Adding aprepitant to palonosetron and dexamethasone effective, well tolerated in young women with GI cancers

The addition of aprepitant to treatment with palonosetron and dexamethasone significantly decreased chemotherapy-associated nausea and vomiting (CINV) in young women with gastrointestinal cancer treated with FOLFOX or FOLFIRI chemotherapy, and was well tolerated, according to a phase III, double-blind, placebo-controlled, randomized clinical trial published in JAMA Network Open.

Importantly, these patients were all age 50 years and younger and reported little or no alcohol use.

“Previous studies have shown that the vomiting incidence in patients who received FOLFOX or FOLFIRI as first-line therapy was more than 40% for both chemotherapeutic treatments. In addition to chemotherapy regimens, CINV has been associated with patient-related risk factors, such as female sex and young age. The incidence of vomiting in these patients has been shown to be high even though they received a standard 2-drug antiemetic regimen consisting of dexamethasone and palonosetron, a highly effective 5-hydroxytryptamine-3 (5-HT3) receptor antagonist (RA),” according to De-Shen Wang, MD, of Sun Yat-sen University Cancer Center, Sun Yat-sen University, Guangzhou, People’s Republic of China, and colleagues.

Aprepitant is a neurokinin-1 (NK-1) RA, which selectively blocks substance P binding at the NK-1 receptor. Previous studies have shown that it effectively controls both acute and delayed CINV, but its use in patients treated with moderately emetogenic chemotherapy remains controversial.

For this study, they enrolled 248 young women 50 years old and younger (mean age: 40.1 years) with gastrointestinal cancer who had received FOLFOX (n=193) or FOLFIRI (n=50) chemotherapy. In all, 74.5% of patients had colorectal cancer, and 73.7% had stage IV gastrointestinal cancer.

Patients were randomized to treatment with either aprepitant (125 mg orally 60 minutes before chemotherapy on day one, 80 mg orally each morning on days two and three), palonosetron (0.25 mg IV), and dexamethasone (6 mg orally on same schedule as aprepitant); or placebo (placebo, 125 mg orally on same schedule as aprepitant), palonosetron (0.25 mg IV), and dexamethasone (12 mg orally 30 minutes before chemotherapy on day one).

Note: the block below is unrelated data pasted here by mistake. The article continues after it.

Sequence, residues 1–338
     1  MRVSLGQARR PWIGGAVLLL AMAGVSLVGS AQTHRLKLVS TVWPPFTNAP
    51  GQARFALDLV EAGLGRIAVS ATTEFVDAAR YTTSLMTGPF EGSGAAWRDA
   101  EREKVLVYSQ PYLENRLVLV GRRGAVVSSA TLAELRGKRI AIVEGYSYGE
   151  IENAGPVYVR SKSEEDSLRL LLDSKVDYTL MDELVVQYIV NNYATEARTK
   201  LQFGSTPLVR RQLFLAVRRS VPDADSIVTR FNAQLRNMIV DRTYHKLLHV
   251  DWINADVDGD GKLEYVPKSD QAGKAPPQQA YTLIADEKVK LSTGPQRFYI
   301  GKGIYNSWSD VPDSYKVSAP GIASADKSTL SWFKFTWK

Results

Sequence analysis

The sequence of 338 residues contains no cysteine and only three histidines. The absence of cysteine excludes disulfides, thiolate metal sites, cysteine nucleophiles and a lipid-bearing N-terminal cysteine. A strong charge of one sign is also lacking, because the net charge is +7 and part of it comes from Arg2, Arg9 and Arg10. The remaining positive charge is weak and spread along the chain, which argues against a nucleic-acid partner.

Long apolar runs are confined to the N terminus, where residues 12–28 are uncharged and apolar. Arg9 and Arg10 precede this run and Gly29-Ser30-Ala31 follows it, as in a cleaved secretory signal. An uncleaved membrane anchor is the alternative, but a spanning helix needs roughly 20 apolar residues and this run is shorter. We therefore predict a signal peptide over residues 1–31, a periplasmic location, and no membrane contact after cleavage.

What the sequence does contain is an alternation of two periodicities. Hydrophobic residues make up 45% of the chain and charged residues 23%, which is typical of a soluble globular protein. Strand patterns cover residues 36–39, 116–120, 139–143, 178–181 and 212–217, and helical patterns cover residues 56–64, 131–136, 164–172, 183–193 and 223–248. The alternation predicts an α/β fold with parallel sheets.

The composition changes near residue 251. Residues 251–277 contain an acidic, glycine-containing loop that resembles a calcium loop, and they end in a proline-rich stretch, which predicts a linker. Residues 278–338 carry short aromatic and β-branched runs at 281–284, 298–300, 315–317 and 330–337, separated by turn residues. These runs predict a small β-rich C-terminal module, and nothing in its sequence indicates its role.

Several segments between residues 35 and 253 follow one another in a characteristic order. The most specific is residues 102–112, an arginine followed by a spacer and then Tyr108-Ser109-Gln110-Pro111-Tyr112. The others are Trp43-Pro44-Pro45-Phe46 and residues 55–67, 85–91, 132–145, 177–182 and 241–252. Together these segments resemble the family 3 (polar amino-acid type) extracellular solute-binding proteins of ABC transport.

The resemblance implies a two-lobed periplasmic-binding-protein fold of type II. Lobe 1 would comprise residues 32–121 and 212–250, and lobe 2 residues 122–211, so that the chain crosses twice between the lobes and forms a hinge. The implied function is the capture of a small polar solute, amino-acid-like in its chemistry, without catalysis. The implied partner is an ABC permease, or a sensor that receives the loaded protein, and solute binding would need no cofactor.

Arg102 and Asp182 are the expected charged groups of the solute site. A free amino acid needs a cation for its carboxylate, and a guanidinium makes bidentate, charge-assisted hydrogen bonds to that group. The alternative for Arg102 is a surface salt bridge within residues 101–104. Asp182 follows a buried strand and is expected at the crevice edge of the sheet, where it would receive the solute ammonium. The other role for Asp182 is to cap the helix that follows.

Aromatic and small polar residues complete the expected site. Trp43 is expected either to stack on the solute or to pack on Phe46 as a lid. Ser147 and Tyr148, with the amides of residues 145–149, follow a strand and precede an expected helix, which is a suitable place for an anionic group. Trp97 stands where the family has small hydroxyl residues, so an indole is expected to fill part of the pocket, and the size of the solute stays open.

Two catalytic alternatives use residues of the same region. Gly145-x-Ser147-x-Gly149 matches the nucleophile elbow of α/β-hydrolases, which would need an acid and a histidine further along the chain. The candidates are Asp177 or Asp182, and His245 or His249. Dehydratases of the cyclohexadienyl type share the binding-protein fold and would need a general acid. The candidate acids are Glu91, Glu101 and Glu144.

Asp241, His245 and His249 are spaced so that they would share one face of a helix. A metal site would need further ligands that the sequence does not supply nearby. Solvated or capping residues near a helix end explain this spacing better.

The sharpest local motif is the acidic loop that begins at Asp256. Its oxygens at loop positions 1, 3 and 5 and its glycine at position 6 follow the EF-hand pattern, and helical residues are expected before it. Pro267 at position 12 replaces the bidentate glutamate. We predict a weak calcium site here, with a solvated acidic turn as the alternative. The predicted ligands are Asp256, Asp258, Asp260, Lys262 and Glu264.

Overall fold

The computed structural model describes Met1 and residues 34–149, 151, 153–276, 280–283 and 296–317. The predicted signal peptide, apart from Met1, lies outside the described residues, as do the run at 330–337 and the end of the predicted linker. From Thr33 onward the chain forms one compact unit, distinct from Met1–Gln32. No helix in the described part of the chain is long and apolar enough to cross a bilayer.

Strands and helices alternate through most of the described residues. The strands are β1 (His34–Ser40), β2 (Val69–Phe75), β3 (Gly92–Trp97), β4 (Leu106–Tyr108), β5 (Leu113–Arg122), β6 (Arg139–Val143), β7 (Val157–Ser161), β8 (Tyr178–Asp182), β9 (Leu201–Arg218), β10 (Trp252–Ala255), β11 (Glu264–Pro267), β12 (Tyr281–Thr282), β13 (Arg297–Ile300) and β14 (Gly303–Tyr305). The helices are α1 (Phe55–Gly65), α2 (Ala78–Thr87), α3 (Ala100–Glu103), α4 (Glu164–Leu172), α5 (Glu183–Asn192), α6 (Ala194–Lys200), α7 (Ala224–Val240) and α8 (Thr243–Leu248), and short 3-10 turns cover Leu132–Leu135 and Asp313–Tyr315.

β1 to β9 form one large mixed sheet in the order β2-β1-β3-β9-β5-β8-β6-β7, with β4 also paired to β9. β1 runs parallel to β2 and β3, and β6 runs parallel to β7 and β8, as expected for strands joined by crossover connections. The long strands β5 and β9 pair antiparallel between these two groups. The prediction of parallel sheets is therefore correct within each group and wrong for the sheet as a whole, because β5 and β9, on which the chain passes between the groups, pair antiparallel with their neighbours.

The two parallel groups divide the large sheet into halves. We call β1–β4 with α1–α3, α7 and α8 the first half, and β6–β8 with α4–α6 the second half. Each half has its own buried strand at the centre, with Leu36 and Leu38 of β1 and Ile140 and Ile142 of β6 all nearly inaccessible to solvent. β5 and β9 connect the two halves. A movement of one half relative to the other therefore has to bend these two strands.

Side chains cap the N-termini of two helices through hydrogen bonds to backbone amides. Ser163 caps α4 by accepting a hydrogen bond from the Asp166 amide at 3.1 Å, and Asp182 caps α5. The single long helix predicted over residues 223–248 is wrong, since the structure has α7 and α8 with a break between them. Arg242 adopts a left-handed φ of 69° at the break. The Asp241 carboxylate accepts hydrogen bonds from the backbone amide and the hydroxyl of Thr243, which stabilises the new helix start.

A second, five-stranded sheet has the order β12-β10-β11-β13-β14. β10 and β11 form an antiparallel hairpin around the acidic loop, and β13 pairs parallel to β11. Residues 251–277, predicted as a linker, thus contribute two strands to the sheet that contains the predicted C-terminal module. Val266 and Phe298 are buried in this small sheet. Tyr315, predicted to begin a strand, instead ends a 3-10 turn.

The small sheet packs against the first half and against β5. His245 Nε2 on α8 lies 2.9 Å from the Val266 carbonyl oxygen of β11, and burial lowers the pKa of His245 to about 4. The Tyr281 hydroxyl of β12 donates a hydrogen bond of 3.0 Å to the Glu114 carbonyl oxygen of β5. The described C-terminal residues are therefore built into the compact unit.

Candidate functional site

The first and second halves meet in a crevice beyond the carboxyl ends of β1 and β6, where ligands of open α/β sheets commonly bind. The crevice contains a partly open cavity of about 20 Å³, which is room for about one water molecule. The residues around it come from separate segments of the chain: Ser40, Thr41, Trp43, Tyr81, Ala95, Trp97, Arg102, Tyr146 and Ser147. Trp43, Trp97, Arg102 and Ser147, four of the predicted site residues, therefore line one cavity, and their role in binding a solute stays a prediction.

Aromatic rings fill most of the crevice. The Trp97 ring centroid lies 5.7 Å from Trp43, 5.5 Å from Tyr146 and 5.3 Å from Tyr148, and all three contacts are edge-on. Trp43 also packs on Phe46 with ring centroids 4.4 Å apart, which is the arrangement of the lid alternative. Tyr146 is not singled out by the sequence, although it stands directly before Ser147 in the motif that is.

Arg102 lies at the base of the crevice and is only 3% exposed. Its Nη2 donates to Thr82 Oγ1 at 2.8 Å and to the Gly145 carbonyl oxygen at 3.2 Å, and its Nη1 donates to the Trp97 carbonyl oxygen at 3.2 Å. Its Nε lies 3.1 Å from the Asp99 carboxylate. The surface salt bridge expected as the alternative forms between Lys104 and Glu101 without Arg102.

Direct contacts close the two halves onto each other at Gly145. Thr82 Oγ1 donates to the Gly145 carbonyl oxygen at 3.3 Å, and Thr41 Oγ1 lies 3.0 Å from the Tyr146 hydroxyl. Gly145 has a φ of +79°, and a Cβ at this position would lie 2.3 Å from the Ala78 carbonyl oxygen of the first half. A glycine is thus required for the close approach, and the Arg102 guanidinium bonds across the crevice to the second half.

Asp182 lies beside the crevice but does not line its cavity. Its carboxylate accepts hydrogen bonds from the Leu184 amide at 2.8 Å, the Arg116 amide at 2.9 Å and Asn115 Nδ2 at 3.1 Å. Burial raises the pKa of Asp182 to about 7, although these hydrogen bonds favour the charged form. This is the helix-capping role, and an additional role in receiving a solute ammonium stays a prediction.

Complete response (CR) rate was the primary end point, which Wang et al defined as the proportion of patients without episodes of emesis or rescue medication use during the first cycle of treatment.

Over the study, patients treated with aprepitant had significant higher CR rates compared with those in the control group (87.0% versus 66.7%, respectively; P<0.001). This was also true in the acute (92.7% versus 75.8%; P=0.001) and delayed (88.6% versus 70.0%; P=0.001) phases of the trial.

During the overall phase of treatment, the CR rate was significantly higher in patients who received FOLFOX and aprepitant versus placebo (89.8% versus 66.3%, respectively; P˂0.001). Among patients treated with FOLFIRI, the CR rate during the overall phase was not significantly higher in those treated with aprepitant vs placebo (76.0% versus 68.0%, respectively; P=0.53).

Significantly more patients treated with aprepitant compared with placebo had either no nausea (65.9% versus 49.2%; P=0.008; 16.7-percentage point difference) or no significant nausea (98.4% versus 92.5%; P=0.03; 5.9-percentage point difference) during the overall phase.

Wang and colleagues also found that more patients treated with aprepitant reported that CINV had a less negative effect on their daily lives within the five-day measurement period, and they had significantly higher quality of life (87.05 versus 66.7%, respectively; P˂0.001), as well as significantly better nausea domain scores (82.1% versus 63.3%; P=0.001; 18.8-percentage point difference), and vomiting domain scores (91.1% versus 68.3%; P˂0.001; 22.8-percentage point difference).

Adverse events were similar between the aprepitant and control groups (80.0% versus 81.3%, respectively; P=0.79). In both groups, the most common adverse events included myelosuppression, elevations of transaminase levels, anorexia, peripheral neurotoxicity, and fatigue. Grade 3 or 4 adverse events occurred in 20.0% of aprepitant patients, compared with 12.7% in the placebo group (P=0.13). Two patients in each group developed grade 4 neutropenia, and grade 4 leukopenia occurred in one patient in the placebo group. No grade 3 or 4 adverse events were associated with aprepitant treatment, and no grade 5 adverse event occurred in either group.

Upon multivariable analysis, researchers found that the only independent factor associated with CR during the overall phase of the study was treatment with aprepitant (OR: 3.42; 95% CI: 1.77-6.61; P˂0.001).

Limitations of the study included the limited evaluation of CINV prevention during the first course of chemotherapy, antiemetic effects in patients receiving FOLFIRI were not significantly better due to the small number of patients included, and the inclusion of only women younger than 50 years who drank no or little alcohol.

  1. Adding aprepitant to palonosetron and dexamethasone was effective in reducing nausea and vomiting for women who received moderately emetogenic chemotherapy.

  2. Administration of this regimen before chemotherapy initiation was well tolerated by younger women with gastrointestinal cancer who had a history of little or no alcohol consumption.

Liz Meszaros, Deputy Managing Editor, BreakingMED™

This study was supported, in part, through grants from the National Natural Science Foundation of China.

Wang reported no disclosures.

Cat ID: 120

Topic ID: 78,120,730,188,120,935,192,925